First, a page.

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The 5 Biggest Facebook Fan Page Screw-Ups

Facebook. You already know it's the most prominent social media site on the planet.

You probably also know that, in addition to having a personal profile for yourself as a person, you can also create a "fan page" for your band, your music company, or yourself as an artist — or anything else for that matter.

Having a Facebook fan page can be a great promotional tool. But like any tool, it can be used ... or abused. In this post I will focus on the most common blunders as I walk you through the "5 Biggest Facebook Music Fan Page Mistakes."

Here we go ...

Big Mistake #1
Not Claiming a Customized URL

When you first create a new fan page on Facebook, it gives you a funky web page that reads something like

Not very user friendly or easy to remember. The good news is, you can create a customized address for your fan page, such as Here's how:

When you are logged in to Facebook, go Then follow the instructions to create a custom URL. For example, mine

Important note: As I understand it, you need to have more than 25 people "like" your fan page before it will allow you to claim a custom URL. So if you just created your page, you'll need to drum up at least some fans before you are extended this privilege.

Big Mistake #2
Engaging Only in One-Way Communication

Many artists make the mistake of using their fan page as a place to make announcements — and that's it. So you see a lot of updates along the lines of "I'm playing here Sat night," "My new album available now on iTunes," or "We just got reviewed in this magazine."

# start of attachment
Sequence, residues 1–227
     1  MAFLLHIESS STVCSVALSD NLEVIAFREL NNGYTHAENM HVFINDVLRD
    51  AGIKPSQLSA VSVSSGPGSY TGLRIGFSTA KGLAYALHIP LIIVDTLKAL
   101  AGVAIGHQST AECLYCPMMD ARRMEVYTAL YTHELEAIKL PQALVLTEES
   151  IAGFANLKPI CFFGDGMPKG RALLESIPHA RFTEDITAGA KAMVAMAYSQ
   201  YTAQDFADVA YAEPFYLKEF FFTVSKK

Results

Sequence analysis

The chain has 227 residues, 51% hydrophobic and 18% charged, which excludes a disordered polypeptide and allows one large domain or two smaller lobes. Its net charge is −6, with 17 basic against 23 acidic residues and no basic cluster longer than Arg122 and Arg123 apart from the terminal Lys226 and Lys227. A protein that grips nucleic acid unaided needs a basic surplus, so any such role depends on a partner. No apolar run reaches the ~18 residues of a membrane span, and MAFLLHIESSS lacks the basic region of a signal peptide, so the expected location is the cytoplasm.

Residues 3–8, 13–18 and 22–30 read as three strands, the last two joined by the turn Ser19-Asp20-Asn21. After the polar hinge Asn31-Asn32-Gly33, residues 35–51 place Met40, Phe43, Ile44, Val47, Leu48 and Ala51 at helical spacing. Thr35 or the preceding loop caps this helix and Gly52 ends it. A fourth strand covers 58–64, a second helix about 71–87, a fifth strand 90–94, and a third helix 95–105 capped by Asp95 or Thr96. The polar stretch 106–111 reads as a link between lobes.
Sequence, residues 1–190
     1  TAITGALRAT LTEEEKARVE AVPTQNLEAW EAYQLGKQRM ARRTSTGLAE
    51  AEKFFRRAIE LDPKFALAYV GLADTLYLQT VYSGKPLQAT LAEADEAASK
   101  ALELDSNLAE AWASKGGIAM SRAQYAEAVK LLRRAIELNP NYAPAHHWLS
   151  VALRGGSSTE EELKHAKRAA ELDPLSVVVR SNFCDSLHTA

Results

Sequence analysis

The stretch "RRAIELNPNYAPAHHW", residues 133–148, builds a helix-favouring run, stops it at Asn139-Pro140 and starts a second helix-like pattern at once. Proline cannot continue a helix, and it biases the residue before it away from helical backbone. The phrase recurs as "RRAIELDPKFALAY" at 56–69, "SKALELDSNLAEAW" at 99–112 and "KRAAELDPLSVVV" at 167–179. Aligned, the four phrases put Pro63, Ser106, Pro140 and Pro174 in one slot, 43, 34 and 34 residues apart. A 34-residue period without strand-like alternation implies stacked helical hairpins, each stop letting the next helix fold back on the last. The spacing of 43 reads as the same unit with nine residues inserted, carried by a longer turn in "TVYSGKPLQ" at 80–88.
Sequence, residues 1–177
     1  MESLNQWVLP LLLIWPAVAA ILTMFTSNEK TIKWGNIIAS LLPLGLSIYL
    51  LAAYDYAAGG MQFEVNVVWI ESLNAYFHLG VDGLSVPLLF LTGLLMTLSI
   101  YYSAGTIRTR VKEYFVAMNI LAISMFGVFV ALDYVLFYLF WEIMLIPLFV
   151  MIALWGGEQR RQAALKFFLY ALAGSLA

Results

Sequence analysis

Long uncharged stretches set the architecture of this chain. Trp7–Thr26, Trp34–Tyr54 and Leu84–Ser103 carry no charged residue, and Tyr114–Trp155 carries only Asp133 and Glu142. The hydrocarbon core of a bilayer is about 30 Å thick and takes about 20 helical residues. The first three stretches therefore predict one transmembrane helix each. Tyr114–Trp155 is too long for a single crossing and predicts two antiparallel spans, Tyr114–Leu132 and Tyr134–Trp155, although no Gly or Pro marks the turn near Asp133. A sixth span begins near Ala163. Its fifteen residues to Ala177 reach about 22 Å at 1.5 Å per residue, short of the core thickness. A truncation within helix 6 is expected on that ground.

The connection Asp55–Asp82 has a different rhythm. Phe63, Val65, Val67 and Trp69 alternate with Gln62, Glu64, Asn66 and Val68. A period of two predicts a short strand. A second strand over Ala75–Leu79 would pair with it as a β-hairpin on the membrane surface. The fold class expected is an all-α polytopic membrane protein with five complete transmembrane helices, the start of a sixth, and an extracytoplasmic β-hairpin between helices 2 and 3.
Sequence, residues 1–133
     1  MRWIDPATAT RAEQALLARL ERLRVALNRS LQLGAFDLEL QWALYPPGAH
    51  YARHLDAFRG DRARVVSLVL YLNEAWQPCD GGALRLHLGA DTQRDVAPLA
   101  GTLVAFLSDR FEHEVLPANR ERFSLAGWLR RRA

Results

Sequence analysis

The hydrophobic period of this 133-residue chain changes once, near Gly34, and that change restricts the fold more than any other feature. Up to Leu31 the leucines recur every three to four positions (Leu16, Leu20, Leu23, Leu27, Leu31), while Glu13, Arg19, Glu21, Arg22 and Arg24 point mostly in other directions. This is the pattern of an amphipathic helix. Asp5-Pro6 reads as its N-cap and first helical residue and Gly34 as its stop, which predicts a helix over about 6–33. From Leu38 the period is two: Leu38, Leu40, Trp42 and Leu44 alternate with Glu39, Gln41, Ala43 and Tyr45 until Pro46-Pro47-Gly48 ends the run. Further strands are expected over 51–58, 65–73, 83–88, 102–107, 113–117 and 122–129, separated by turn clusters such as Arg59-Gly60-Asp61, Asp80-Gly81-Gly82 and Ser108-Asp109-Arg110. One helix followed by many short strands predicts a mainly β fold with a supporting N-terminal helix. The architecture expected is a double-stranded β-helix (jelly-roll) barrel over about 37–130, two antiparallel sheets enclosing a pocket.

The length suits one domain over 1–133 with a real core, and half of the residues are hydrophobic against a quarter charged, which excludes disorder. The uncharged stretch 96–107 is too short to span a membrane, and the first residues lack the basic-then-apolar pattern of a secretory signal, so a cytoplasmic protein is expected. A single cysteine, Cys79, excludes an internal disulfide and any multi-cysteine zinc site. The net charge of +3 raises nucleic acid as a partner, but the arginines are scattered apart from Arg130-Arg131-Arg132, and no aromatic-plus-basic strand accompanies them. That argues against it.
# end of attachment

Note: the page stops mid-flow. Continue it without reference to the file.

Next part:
That's cool stuff worth sharing, but it's not very engaging. So think more in terms of a two-way conversation. One simple way to do that is to simply ...

Ask your fans for feedback!

On a regular basis, ask questions on your fan page: "What should we play at our next show?" "How should we celebrate the singer's birthday next week?" "Which of these three songs do you like best?"

Also, show your personality. Share your sense of humor and quick wit (assuming you possess these qualities, of course). Make your updates lively and engaging — not just dry announcements.

So ... Ask, ask, ask! Show your personality. Make it a two-way conversation.

Big Mistake #3
Not Responding to Comments

Okay, so you took my advice and you are posing questions and asking for feedback. And people are responding on your page. Great. Now what?

You must acknowledge them!

When people take the time to leave a meaningful comment on your fan page, you will create a lot of good will by commenting back. At the very least, click the "like" link related to the comment, which will appear in that person's list of notifications.

Find some way to acknowledge that you saw and appreciate the comment!

Big Mistake #4
Always Promoting and Selling

Nothing turns off a fan more than a constant barrage of sales messages (and this is coming from a guy who sends out a lot of sales messages :-) Use your fan page status updates to communicate with your fans — not just promote to them. Share interesting stories and links, new music, and other cool things you have done or discovered that they might be interested in.

A good motto to keep in mind is "Share and serve, don't always sell." Memorize that!

Big Mistake #5
Never Selling

On the opposite end of the spectrum from Always Selling is ... Never Selling. And this is a major screw-up too. Some creative types are so worried about being perceived as greedy or pushy that they never make people aware they have stuff for sale — they never give fans the opportunity to support them financially.

Don't screw up in this area too!

So, while you're delivering value, asking questions, engaging with your fans, and interacting with them ... don't forget to make them aware of the cool things you have for sale. Don't go overboard with sales pitches, but don't shy away from them entirely either. Strike a balance.

Give your fans an opportunity to help and support you!

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